Update: For horizontal Suckerfish, see this post.
The ChallengeWhen it comes to CSS drop-down and pop-out menus, there's good news and bad news. The good news is that it's absurdly easy to create elegant CSS-based drop-down menus that are standards compliant and cross-browser compatible. The resulting pages are cleaner and more compact. They load faster, are more search engine friendly, and pass W3C validation. The bad news, as usual, lies with Internet Explorer's refusal to play by the rules.
CSS drop-down and pop-out menus are built with nested unordered lists. The drop-down effect is enabled by the ability of standards-compliant browsers to apply the :hover pseudo-class to any element in an HTML document, including list items. Unfortunately, Internet Explorer — which still has a market share of over 90% — does not support :hover on anything but the <A> element. Achieving the drop-down or pop-out effect in IE requires extra measures to make the browser mimic the :hover behaviour.
Three Possible SolutionsI bookmarked dozens of sites in attempting to find a true cross-browser solution for CSS menus — one that works not only in standards-compliant browsers like Firefox, but also in IE, which still sets the standard, whether we like it or not. The techniques I found cluster, essentially, into variations on three fundamental approaches:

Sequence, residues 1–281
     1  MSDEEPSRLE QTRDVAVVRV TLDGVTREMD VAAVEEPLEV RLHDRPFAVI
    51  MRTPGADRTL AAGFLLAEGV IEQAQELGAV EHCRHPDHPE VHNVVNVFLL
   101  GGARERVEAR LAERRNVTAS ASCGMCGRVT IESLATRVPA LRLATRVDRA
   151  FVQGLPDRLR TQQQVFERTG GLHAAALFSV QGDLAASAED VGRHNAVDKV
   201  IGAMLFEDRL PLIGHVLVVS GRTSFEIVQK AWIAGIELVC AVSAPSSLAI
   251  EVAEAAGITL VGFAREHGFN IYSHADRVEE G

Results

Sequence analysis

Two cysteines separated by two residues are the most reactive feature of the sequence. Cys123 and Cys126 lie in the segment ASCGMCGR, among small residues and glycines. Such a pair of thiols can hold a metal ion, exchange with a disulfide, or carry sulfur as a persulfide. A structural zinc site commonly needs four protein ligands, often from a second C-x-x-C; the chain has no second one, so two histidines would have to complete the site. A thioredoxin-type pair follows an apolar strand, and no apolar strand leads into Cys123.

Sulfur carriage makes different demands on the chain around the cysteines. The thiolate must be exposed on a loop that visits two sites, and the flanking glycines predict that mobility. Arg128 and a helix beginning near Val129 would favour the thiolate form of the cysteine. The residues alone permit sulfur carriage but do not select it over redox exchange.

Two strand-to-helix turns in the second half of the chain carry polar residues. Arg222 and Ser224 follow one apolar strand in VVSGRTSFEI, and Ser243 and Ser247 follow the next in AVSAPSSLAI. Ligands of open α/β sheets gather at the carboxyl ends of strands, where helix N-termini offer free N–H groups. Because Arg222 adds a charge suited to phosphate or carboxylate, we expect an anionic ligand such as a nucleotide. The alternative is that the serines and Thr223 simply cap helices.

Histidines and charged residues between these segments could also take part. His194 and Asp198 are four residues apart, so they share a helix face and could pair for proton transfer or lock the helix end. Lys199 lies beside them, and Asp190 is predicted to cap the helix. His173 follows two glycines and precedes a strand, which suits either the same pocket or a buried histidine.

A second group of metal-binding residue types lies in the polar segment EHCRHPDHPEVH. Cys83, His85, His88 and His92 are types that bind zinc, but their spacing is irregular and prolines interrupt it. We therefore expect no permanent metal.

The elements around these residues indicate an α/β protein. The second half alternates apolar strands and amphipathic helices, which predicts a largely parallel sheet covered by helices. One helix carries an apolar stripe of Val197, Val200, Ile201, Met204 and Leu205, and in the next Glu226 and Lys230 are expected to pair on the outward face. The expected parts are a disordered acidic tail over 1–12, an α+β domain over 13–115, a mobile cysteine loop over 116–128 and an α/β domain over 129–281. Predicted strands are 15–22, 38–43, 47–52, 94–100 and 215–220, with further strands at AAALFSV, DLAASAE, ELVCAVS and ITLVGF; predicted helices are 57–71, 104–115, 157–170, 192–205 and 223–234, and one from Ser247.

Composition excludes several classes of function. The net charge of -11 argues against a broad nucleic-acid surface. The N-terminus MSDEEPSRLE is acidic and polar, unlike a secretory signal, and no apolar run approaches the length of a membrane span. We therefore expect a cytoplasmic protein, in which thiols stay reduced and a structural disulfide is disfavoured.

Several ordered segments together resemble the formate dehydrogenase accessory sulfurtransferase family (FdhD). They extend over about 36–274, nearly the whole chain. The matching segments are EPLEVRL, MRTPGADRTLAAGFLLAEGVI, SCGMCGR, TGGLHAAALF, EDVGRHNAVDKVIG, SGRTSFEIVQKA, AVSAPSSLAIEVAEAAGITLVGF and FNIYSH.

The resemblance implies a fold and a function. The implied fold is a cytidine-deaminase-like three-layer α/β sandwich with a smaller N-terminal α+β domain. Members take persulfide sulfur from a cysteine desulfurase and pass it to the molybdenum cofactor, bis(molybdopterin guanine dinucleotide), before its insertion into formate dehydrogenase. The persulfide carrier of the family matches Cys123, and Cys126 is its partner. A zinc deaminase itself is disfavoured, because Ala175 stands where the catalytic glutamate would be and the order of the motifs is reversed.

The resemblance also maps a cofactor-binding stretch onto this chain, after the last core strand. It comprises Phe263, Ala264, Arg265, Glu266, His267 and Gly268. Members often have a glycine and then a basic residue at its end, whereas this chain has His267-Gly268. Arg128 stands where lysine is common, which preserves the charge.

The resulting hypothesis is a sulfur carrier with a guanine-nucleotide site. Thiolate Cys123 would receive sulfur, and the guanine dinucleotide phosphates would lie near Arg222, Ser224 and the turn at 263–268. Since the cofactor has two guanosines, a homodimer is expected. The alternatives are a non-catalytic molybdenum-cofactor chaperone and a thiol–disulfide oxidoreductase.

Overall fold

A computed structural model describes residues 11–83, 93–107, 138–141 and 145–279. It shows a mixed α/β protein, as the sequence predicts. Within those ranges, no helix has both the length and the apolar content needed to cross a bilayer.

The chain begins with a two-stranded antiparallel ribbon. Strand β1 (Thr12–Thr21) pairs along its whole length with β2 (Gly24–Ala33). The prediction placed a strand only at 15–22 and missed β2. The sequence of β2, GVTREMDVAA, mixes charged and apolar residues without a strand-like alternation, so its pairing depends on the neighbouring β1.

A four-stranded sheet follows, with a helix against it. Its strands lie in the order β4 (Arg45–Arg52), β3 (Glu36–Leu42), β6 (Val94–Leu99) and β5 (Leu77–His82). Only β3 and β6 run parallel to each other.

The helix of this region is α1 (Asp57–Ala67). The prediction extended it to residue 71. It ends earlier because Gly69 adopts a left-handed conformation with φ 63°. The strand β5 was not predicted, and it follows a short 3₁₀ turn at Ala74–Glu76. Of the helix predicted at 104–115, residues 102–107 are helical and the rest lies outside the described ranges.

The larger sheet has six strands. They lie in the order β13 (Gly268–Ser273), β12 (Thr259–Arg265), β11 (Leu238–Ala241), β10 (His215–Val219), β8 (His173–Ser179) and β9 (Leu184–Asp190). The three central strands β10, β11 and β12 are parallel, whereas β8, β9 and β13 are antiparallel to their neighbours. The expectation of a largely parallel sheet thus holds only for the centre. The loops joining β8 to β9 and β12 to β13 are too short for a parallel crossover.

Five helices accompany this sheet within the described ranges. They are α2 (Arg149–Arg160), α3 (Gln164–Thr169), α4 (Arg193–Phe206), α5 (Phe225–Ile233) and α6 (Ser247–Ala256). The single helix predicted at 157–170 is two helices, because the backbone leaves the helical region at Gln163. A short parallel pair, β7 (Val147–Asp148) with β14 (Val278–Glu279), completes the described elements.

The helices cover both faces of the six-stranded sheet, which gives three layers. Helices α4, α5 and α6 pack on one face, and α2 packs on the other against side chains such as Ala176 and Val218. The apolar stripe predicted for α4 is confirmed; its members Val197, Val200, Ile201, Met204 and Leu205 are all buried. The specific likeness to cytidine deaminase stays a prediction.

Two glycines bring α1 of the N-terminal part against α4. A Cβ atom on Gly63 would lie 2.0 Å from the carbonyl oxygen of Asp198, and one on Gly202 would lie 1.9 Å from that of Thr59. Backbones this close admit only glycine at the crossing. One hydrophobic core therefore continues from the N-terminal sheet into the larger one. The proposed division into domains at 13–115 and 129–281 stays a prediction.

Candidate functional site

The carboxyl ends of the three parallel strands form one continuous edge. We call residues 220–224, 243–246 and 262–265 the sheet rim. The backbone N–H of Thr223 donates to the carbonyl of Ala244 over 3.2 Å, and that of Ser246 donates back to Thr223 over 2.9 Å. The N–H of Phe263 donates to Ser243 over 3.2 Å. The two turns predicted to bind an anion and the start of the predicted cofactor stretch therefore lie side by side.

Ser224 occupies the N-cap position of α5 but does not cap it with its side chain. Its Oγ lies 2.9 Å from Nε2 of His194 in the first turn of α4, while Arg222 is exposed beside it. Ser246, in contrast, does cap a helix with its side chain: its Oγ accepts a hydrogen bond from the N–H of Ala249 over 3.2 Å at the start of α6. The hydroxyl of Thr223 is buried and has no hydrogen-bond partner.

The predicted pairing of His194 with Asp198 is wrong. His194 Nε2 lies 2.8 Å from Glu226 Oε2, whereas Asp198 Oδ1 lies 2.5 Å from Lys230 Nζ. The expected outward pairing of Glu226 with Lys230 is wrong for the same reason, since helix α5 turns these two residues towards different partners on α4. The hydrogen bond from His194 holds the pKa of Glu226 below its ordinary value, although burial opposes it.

WhateverHover: CSS with DHTML Behaviors for IEA similar but — to my mind — more technical approach involves using dynamic HTML behaviors to make Internet Explorer behave itself. This method uses CSS to style drop-down menus for browsers that understand the :hover pseudo-class, with Microsoft conditional comments containing a call to an external HTC file for IE. The technique is explained well by Claire Campbell and Peter Nederlof. Mark Wilton-Jones provides a version for vertical pop-outs.
Note: Nicholls' solution validates, as do the other approaches discussed here, if implemented correctly. WebLens passed the CSS validation easily after including the Suckerfish menu. The new CSS WebLens menu also passes HTML validation, but many of the pages fail because of the embedded ad code, which is not standards compliant.